Northern Checkpoints: agricultural gates and ‘security’ fence wide open day and night
m. Barta’a checkpoint – the largest checkpoint in the north of the country
Traffic flows, consisting of few workers holding work and transit permits to Barta’a, the seam-line zone and into Israel. In the afternoon dozens if not hundreds of workers who have work in Israel will be passing here, not having been allowed to use this checkpoint in the morning.
The metal shed has been dark for days now, says Ibrahim, but everything around it is lit. In the terminal we can see a crowded waiting line that disperses after a few minutes. The toilets, says Neta, are clean but stink. This large checkpoint used to be bustling until about half a year ago. Now, the many workers who want to hurry to their workplace are sent to further checkpoints, which makes life more difficult for them, and easier for the checkpoint personnel…
6:30 a.m. Anin agricultural checkpoint
At the entrance to the access road leading to the checkpoint, amidst the olive trees, all kinds of junk and waste are scattered. Anin villagers (headed by our old acquaintance M.) gather the junk in the nearby seam-line zone, hoping to bring them back to the village and earn a pittance. They tell us there is a recycling plant there, and perhaps it’s just junk dealers. The junk initiative faces occupation authorities’ opposition, leading mostly by military policemen, who claim that Anin is an agricultural checkpoint and an old easy chair is not agricultural goods… So when the authorities do not let such things through everything is thrown amidst the olive trees and waits for the Messiah. At times the soldiers ignore the junk and let people pass it through to the village as if it were agricultural goods. Now it’s ‘no-no’ time. M. has been denied his transit permit several times already because he tried to get junk through in spite of regulations. He managed to get his permit back each time, after waiting a week or two.
The main gate of the checkpoint is open or broken or simply has not been locked for quite some time. The soldiers arrive and take their time getting organized. No rush… This morning two tractors pass through and no more than ten people. Olive harvest season is near but the special permits for it have not yet been issued. The season lasts a month, and during this time the checkpoint is open daily (not just twice a week), and additional family members are allowed to get through for the harvest itself. Whoever has no permit for this specific checkpoint crosses through the more distant Barta’a checkpoint.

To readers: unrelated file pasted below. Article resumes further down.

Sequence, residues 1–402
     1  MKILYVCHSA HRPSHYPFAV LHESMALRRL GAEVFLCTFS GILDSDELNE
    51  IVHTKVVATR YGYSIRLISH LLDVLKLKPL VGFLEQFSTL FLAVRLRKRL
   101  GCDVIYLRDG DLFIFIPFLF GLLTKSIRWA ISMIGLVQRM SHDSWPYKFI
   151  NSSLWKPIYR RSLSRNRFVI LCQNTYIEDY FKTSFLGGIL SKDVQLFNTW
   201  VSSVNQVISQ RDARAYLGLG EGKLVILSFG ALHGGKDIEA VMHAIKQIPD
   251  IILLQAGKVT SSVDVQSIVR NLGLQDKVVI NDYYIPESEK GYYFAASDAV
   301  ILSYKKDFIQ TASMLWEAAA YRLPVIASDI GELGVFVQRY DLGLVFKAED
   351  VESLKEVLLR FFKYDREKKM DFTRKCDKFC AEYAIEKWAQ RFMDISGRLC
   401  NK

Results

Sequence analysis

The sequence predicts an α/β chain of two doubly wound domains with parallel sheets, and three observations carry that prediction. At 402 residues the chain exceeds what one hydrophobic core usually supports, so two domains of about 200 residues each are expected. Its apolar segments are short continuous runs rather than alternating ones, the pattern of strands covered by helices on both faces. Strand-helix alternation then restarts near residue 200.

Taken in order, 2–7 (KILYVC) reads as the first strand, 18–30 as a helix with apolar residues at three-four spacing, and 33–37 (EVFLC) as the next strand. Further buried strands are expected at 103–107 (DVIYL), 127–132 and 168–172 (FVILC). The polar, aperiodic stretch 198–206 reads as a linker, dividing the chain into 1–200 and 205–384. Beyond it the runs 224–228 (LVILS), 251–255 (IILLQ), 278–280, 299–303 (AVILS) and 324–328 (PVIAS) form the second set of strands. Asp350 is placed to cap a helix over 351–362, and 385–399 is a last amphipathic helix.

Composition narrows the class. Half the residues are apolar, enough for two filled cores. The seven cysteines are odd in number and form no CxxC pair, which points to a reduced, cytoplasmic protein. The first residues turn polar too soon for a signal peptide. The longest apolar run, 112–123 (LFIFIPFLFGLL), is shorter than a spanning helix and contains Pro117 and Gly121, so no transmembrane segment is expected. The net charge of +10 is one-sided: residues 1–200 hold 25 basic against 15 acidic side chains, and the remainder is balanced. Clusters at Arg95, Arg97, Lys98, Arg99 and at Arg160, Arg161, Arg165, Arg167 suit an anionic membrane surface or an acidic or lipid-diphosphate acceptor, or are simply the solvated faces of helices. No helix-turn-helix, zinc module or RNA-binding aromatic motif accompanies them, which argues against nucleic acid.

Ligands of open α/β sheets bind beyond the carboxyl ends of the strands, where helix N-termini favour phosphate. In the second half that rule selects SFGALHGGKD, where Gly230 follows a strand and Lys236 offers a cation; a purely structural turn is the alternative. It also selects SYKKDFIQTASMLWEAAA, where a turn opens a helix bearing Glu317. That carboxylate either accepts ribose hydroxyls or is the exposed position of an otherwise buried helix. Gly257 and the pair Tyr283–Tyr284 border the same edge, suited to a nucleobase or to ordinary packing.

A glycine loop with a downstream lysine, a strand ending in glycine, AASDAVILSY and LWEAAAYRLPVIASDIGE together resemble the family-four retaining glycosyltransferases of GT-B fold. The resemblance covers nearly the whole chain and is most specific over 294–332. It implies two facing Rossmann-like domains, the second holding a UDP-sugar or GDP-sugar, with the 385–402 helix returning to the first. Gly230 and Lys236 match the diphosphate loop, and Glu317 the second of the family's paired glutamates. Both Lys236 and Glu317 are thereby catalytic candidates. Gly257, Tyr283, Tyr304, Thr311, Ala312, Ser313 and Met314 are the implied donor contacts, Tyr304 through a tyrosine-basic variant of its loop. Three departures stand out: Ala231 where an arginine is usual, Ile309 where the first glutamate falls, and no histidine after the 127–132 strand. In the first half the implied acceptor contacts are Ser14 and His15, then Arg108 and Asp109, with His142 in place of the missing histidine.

On our way to the checkpoint we drive through the outskirts of Umm Al Fahm. This large city is a chaos of fascinating and beautiful urban landscape: old and ancient side by side with new and shiny, narrow, old alleys amidst dilapidated old houses; new villas – huge, megalomaniac, with plenty of marble columns reminding us of the plantation houses in “Gone with the Wind”, lots of mosques with tall minarets and gold or silver domes.
7 a.m. Tayibe-Roumane agricultural checkpoint
Lately we have been hearing from Palestinian acquaintances that the ‘security’ fence is open in numerous, obvious places, that agricultural checkpoints opened officially by soldiers once or twice a week stay wide open day and night, neither locked nor closed. People cross freely, and cars cannot since the army, leaving the checkpoint open, has blocked passage with concrete blocs brought especially for this purpose. Thus at Zeita agricultural checkpoint, where a large hole in the fence is seen in the direction of Zemer. Near Nizlat Issa (close to Baqa) right after the separation wall, there is a large hole in the fence where people cross openly, even holders of transit permits and especially people without them. We were told that hundreds of people cross there into western (Israeli) Baqa, and ride buses to Hadera and Tel Aviv. We are told that the army makes no effort to fix the holes or even catch the ‘foxes’. We are asked whether this is some sort of sophisticated tactics? Associated with the elections? People are confused and wonder how come the occupation authorities see this and do not react? And perhaps this is the form of the hoped-for peace… They enjoy this new situation and have already begun to fear that one day they would wake up and realize this was all a dream.
At the Tayibe-Roumana checkpoint we met the DCO representative, right next to two large holes in the fence, one just beside the outer gate, and another opposite. He claims there is no point in repairing them, for other holes will immediately appear (?). Around them numerous tracks are seen, obviously they have long been serving as an accessible passage point.